-- He once corrected someone's grammar while working at a construction job and the guy punched him in the face. As Jerry said, "There was some non-verbal communication of feelings!"

-- He tried to create a new course which included feelings and emotions in one of his English classes and the university
administration killed the class. He said he found out when he received a letter from the assistant dean saying the
class was canceled. Then a psychology professor on the Dean's committee wrote a "four page, single spaced attack" on the course proposal.
When he asked to read the letter so he could reply, they refused to allow him to even see it. He has written an
article about this experience which is currently in press:

"Teaching Emotional Literacy." In Writing and Healing: Toward an Informed Practice. Ed. C. Anderson and M. MacCurdy. Urbana: National Council of Teachers  of  English, 1999, 28 MS pages.

-- He said the publisher decided to print the article because they believed it was important for others to see what they might face when they try to address a hot topic like personal feelings. He added that it was important for others to know they are not alone, because that is what your opponents want: for you to feel alone and as if you are the only one who is not being a team player. Shortly before this happened he won a teaching award, the only teaching award given out by students rather than faculty.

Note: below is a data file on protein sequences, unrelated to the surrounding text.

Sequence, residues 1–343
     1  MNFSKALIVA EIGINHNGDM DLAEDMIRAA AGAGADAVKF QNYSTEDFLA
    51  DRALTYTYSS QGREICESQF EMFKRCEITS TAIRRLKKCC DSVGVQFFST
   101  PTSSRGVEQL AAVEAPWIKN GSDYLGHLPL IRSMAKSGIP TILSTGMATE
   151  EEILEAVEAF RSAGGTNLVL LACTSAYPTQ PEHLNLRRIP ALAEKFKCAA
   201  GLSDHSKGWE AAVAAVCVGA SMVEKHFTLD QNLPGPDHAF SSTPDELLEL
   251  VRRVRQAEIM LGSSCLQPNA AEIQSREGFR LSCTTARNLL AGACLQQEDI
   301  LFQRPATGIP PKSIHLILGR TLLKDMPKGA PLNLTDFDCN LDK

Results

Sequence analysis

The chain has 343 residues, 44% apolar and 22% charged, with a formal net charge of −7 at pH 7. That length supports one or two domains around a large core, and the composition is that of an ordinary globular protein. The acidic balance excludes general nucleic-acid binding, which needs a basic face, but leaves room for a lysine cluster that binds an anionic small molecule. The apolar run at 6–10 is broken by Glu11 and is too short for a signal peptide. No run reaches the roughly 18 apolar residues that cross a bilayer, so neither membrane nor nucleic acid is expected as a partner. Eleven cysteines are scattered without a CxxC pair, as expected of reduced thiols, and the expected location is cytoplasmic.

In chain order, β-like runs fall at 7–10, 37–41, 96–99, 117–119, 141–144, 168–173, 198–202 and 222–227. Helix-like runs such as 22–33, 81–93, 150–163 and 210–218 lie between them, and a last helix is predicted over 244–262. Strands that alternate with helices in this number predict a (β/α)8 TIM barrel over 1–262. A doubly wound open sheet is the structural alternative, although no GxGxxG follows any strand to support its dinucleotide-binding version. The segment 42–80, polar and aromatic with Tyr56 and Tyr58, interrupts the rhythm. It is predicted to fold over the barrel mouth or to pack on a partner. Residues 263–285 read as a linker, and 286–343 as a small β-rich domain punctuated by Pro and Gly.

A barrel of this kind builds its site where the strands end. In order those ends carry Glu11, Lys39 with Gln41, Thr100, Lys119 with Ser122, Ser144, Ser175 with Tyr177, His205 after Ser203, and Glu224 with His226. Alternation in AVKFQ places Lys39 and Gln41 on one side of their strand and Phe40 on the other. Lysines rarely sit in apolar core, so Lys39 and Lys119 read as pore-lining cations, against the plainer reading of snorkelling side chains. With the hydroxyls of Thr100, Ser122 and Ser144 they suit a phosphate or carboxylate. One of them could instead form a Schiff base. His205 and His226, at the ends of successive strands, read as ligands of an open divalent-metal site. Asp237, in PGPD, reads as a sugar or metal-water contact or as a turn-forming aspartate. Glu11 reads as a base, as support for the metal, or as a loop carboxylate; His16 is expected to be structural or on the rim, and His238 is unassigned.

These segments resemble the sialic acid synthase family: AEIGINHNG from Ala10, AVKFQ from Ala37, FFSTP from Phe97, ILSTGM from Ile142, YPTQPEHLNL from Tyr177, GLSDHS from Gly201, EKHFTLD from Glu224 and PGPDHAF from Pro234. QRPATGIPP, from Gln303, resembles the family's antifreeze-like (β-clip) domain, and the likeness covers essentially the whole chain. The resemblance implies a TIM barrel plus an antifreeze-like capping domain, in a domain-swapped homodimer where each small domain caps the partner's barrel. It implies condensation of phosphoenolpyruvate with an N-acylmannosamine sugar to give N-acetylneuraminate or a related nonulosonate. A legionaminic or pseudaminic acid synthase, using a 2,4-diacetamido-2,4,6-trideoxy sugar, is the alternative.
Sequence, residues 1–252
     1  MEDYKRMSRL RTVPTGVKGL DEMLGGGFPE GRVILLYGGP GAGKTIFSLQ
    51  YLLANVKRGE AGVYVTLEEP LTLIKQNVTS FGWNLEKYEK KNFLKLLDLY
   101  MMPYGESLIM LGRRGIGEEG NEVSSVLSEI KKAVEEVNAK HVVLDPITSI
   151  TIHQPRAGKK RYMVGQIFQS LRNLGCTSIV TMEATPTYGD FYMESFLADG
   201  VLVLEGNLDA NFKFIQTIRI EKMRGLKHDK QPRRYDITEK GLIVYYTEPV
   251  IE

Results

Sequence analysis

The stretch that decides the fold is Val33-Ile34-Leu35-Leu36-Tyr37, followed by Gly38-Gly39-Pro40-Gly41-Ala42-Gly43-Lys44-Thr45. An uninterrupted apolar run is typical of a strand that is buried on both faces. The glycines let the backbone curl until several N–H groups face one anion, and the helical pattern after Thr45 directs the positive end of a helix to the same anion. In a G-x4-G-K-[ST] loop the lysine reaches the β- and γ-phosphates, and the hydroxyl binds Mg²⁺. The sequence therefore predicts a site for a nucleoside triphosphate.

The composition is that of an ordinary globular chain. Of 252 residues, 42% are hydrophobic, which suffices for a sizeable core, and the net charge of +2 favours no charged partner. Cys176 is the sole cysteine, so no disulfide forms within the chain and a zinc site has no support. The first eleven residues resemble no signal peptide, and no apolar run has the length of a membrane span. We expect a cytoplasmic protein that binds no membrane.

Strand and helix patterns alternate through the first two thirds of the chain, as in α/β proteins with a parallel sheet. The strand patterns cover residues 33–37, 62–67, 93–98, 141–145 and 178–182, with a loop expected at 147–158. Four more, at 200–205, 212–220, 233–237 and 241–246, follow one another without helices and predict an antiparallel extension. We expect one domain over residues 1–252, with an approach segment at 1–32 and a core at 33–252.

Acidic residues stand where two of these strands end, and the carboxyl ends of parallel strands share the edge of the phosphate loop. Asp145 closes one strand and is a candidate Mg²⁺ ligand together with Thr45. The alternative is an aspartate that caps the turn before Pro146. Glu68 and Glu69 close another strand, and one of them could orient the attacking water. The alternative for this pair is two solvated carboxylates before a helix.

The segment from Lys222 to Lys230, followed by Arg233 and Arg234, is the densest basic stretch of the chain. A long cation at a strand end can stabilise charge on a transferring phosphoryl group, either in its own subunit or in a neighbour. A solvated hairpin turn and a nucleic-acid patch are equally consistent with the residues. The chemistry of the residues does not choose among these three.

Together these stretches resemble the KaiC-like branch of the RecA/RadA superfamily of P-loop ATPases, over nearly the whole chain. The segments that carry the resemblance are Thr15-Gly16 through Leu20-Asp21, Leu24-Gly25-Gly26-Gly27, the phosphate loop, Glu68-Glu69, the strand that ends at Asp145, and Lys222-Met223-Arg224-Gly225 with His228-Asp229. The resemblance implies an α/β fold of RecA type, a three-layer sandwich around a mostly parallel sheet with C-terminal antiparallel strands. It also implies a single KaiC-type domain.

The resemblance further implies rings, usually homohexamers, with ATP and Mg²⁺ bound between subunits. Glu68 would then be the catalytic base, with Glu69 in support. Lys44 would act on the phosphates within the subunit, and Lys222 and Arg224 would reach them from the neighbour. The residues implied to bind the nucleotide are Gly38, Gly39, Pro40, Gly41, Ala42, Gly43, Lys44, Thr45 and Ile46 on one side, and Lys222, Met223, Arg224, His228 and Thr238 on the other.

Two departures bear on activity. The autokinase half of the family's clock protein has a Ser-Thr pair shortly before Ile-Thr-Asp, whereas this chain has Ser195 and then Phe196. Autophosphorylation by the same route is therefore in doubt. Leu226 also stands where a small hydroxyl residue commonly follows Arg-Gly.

-- He said although he is a mile from the lake he can still hear the powerboats with 800 horsepower motors designed for oceans, not lakes. He said people come out, "get tanked up, go boating and kill each other." He told me of the story of some sorority girls who got drunk and were on a boat run by someone who was high on drugs and alcohol. He came to close to the shore, hit a rock and one of the girls was thrown into the mountainside, instantly killing her.

-- He said Sydney, Australia was one of the most beautiful cities in the world and New Zealand was one of the most beautiful countries.